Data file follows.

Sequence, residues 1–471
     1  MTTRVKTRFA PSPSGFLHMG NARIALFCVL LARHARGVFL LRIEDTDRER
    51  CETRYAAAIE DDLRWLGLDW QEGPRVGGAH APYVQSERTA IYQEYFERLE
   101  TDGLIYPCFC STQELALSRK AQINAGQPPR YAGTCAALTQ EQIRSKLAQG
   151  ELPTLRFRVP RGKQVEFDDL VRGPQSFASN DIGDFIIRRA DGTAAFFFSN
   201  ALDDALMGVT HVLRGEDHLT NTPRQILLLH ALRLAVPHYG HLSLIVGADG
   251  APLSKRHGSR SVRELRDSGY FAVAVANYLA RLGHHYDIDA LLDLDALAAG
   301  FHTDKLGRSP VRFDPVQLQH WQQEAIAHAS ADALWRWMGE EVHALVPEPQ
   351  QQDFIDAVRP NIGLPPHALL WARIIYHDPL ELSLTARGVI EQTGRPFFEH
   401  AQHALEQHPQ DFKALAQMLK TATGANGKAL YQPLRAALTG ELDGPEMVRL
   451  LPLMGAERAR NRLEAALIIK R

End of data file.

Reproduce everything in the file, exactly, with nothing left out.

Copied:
Sequence, residues 1–471
     1  MTTRVKTRFA PSPSGFLHMG NARIALFCVL LARHARGVFL LRIEDTDRER
    51  CETRYAAAIE DDLRWLGLDW QEGPRVGGAH APYVQSERTA IYQEYFERLE
   101  TDGLIYPCFC STQELALSRK AQINAGQPPR YAGTCAALTQ EQIRSKLAQG
   151  ELPTLRFRVP RGKQVEFDDL VRGPQSFASN DIGDFIIRRA DGTAAFFFSN
   201  ALDDALMGVT HVLRGEDHLT NTPRQILLLH ALRLAVPHYG HLSLIVGADG
   251  APLSKRHGSR SVRELRDSGY FAVAVANYLA RLGHHYDIDA LLDLDALAAG
   301  FHTDKLGRSP VRFDPVQLQH WQQEAIAHAS ADALWRWMGE EVHALVPEPQ
   351  QQDFIDAVRP NIGLPPHALL WARIIYHDPL ELSLTARGVI EQTGRPFFEH
   401  AQHALEQHPQ DFKALAQMLK TATGANGKAL YQPLRAALTG ELDGPEMVRL
   451  LPLMGAERAR NRLEAALIIK R